Bible reading can help you to better understand the significance of the great, dramatic events of our own times, for they fulfil Bible prophecy.

Not A Dull Book

Though it may be difficult to understand in parts, the Bible is not a dull book. It records many exciting incidents in graphic, dramatic prose. We are appalled at the wickedness of Sodom on the eve of its destruction, and sympathise with the concern of Lot as he tried to awaken his relations to the seriousness of the crisis about to engulf them — to find that this is typical of the times we live in (see Luke 17:26-33). We learn of the glory of Israel in the days of Solomon when it was the mart of nations, and the wealth of the world flowed into Jerusalem, and to the great Temple that was opened there for worship - to find too, that this foreshadows the future (Isa. 2: 2-4). We feel the agony of Jerusalem, as we hearken to Jeremiah’s cry of anguish for the stricken city, smitten because of the wickedness of the people - to find that a merciful God will restore and spiritually rejuvenate His ancient people (see Jer. 31:31-37).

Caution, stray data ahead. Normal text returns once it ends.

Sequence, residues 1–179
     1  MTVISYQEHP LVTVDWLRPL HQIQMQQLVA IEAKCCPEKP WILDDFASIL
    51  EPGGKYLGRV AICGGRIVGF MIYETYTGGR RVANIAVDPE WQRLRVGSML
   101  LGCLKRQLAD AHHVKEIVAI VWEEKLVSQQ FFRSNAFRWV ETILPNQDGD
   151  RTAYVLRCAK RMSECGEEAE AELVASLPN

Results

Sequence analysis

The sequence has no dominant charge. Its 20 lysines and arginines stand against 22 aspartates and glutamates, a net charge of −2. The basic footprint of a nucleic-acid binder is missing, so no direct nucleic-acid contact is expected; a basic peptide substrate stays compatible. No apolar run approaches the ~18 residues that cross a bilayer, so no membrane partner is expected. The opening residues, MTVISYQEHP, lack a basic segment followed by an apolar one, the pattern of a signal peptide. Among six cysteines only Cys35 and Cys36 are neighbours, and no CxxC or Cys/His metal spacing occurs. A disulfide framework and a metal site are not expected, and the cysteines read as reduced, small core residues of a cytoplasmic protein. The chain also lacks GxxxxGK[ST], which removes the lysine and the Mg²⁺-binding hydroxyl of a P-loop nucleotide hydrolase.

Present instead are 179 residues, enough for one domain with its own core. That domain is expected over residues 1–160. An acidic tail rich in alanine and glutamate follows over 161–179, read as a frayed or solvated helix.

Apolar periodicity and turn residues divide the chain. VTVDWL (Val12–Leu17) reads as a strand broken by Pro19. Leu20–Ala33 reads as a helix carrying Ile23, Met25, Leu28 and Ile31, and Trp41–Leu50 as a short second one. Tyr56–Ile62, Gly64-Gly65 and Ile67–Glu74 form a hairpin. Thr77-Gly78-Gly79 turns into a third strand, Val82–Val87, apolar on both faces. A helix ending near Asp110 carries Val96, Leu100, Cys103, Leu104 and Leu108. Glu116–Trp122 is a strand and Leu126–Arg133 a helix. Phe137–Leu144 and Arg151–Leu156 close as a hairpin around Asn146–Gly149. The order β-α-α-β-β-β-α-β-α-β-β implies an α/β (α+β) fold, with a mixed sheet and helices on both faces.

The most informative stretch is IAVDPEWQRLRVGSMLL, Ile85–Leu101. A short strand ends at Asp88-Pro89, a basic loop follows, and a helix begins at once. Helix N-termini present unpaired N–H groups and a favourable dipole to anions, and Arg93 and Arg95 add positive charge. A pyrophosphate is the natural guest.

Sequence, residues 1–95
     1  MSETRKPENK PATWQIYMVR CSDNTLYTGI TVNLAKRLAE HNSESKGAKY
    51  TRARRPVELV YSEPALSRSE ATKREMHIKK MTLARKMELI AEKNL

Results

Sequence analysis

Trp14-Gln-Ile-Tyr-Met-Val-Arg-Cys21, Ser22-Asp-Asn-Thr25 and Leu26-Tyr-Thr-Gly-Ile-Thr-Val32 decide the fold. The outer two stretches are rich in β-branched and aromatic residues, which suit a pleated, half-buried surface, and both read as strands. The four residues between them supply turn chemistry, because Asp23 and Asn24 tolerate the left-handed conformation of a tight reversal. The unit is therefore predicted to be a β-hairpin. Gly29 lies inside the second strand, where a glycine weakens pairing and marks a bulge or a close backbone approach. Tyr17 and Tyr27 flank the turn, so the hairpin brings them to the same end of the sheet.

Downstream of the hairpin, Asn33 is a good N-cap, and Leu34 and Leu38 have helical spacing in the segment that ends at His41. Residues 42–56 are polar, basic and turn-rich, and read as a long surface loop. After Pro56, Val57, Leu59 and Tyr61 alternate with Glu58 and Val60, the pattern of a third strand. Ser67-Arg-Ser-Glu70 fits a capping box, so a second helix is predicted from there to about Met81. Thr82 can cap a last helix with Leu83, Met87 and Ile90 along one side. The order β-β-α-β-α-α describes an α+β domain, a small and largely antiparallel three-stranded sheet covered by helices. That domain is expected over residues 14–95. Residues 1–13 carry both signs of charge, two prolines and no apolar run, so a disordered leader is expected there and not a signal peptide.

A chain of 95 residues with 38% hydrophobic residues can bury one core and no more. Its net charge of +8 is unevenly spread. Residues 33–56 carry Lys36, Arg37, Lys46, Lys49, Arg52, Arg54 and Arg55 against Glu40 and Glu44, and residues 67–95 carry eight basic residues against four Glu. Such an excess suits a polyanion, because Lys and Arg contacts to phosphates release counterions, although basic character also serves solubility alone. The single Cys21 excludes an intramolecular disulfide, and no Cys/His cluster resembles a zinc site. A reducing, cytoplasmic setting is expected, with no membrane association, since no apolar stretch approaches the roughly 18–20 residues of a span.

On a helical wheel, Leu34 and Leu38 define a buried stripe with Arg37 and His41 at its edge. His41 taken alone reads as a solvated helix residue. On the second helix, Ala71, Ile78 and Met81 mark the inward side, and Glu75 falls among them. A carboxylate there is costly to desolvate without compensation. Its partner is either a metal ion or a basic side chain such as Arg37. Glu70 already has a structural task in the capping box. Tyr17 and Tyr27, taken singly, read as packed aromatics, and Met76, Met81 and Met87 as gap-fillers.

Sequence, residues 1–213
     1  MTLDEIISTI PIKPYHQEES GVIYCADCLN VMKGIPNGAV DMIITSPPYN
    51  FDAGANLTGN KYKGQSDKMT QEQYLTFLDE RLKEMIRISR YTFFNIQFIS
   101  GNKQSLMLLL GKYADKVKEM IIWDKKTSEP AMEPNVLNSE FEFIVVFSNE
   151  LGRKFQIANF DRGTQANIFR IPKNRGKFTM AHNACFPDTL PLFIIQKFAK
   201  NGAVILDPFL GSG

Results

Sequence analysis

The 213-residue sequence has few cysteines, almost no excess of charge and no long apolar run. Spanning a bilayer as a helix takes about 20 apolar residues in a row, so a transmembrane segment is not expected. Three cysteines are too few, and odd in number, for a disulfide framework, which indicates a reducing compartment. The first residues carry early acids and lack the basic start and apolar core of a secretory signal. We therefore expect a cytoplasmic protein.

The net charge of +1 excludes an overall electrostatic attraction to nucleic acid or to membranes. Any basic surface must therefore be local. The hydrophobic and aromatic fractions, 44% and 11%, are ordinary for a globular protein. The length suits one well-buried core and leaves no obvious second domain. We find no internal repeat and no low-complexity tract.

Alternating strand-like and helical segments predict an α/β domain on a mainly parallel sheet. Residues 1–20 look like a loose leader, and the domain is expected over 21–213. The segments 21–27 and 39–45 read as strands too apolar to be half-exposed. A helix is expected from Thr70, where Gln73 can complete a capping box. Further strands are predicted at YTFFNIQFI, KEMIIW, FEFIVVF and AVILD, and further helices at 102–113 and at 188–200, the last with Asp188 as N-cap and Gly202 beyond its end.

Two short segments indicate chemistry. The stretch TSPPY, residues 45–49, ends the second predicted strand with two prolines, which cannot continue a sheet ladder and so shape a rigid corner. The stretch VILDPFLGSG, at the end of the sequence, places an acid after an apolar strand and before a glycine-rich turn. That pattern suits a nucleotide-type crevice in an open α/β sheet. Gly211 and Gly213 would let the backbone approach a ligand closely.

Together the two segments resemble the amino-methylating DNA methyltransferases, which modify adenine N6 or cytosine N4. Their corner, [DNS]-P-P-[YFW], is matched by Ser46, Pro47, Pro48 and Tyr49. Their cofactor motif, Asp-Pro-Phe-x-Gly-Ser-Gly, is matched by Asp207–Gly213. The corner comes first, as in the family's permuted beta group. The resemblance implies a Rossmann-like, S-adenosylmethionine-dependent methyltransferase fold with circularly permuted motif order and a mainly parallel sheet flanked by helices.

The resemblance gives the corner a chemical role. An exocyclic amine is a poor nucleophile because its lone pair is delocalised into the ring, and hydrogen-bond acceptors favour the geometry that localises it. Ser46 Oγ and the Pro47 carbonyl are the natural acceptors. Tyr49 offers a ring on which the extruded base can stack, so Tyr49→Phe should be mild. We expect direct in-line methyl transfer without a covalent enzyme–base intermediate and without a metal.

There is nothing dull in this Book when it is read aright.

The ancient civilisations of Egypt, Babylon, Persia, Greece and Rome pass in succession before us. We learn how that the purpose of God requires the rise and fall of nations (cp. Dan. 2). We hear the groaning of Israelites in Egypt (Exod. 1); travel with Daniel the exile to mighty Babylon (Dan. 1); stand with Paul on Mars Hill below the temple-enthroned Acropolis in Athens, and listen to the Apostle’s stirring exposition of the purpose of God (Acts 17:22-31); listen to the tramp of Roman legions as they march against Jerusalem to destroy it Luke 21:24).